The crowd facing olive oil sommelier Nicola Di Noia was well-behaved but not always attentive.
Some began to tune out when he started talking about the importance of buying extra virgin olive oil at a specialty shop and not to skimp by buying any old €3 bottle at the supermarket.
Others were already busy with the colouring books and pencils laid out on the long tables in the conference room of the luxurious Rome Cavalieri Waldorf Astoria. But Di Noia was unfazed.
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“Extra virgin olive oil is a fruit juice. It should be a little bitter. Don’t be afraid if it’s bitter,” he said.
An hour in, some restlessness was understandable. They were just children. Forty of them, aged four to nine, who had been brought by their parents – about a third of whom were also trained sommeliers, some of olive oil and some of wine – to a seminar to teach children about extra virgin olive oil.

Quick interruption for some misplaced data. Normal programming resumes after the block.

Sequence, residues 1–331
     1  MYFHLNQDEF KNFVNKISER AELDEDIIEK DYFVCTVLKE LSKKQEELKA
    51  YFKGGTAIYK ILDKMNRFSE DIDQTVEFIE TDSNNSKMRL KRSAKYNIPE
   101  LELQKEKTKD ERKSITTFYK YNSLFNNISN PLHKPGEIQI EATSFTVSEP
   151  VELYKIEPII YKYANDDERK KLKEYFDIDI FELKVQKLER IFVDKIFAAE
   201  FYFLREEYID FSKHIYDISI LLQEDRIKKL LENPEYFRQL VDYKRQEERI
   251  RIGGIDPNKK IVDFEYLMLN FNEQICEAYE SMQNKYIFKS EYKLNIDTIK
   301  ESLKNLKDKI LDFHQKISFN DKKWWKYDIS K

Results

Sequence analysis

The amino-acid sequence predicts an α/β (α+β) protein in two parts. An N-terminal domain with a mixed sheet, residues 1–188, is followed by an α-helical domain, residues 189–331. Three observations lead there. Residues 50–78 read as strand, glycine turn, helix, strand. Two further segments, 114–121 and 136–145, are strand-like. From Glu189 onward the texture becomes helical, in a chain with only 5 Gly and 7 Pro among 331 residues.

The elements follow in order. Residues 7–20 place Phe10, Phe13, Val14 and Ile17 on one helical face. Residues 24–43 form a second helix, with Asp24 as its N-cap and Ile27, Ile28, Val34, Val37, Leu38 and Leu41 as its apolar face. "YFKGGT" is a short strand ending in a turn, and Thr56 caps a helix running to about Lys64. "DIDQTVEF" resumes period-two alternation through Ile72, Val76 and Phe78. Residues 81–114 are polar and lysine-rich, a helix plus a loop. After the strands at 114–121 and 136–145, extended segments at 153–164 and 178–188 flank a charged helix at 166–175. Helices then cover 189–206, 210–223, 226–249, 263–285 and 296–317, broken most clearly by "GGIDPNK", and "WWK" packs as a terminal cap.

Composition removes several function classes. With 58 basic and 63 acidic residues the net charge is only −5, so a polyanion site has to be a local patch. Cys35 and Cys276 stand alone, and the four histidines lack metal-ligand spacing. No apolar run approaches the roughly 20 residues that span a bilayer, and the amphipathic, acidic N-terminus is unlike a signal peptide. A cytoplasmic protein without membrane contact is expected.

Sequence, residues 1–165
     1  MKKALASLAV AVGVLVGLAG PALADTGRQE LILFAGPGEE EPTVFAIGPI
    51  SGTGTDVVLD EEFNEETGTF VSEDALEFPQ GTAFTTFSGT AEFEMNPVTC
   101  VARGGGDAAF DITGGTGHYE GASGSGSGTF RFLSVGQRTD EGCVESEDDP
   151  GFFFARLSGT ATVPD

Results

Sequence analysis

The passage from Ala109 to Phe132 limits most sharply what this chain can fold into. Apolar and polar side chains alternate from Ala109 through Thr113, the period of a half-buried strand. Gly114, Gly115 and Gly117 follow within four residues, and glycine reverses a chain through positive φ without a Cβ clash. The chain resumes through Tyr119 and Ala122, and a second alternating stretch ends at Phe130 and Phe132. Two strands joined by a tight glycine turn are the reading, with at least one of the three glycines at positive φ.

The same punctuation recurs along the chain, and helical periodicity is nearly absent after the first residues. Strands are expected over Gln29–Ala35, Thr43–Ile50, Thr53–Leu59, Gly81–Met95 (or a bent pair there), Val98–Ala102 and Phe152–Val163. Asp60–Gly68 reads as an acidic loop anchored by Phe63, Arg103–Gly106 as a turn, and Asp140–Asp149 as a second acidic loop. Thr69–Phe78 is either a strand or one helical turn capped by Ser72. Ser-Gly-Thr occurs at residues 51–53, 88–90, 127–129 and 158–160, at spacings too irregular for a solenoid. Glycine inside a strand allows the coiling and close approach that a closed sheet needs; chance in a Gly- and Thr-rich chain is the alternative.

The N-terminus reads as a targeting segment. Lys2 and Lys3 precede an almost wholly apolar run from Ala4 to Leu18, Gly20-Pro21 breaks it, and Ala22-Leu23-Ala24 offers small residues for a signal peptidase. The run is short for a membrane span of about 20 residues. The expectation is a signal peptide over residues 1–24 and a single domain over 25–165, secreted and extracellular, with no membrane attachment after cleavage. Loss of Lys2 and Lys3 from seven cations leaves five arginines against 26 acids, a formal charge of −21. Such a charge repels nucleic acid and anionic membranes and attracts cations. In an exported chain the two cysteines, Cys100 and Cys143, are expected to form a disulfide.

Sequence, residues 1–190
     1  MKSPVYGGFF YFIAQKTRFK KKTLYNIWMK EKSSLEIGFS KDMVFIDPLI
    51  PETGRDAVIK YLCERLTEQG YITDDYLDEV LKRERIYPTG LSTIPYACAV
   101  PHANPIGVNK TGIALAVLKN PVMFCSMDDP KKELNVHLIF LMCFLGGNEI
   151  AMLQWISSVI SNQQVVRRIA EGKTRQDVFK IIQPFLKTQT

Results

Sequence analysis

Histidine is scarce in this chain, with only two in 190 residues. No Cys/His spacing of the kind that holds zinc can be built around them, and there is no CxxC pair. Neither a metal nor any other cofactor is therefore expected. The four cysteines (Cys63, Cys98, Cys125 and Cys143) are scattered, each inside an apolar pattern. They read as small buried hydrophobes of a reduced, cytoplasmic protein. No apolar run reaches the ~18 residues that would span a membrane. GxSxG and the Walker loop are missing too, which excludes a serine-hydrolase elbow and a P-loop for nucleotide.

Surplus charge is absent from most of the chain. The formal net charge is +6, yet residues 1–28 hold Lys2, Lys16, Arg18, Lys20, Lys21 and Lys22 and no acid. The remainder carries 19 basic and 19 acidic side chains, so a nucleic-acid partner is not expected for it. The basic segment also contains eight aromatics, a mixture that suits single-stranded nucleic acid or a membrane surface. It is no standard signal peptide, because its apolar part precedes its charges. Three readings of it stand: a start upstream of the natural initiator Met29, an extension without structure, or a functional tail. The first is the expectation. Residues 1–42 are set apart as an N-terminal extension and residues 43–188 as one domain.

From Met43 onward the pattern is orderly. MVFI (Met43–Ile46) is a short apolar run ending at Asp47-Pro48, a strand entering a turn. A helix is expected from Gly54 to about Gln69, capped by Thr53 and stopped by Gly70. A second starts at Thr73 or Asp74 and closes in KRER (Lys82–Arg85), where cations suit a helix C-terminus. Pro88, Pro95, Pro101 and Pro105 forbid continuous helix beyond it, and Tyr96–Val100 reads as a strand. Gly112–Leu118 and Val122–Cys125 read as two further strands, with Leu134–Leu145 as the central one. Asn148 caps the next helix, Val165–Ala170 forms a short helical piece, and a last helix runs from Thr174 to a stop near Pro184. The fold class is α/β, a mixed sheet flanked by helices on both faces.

The event was not a typical rite of passage for Italian youth. But it did point to the importance many Italians place on maintaining the country’s cultural and culinary heritage, a subject Di Noia said is often studied and appreciated more by tourists from Germany, Japan, and France than Italians.Seminar to teach children about extra virgin olive oil,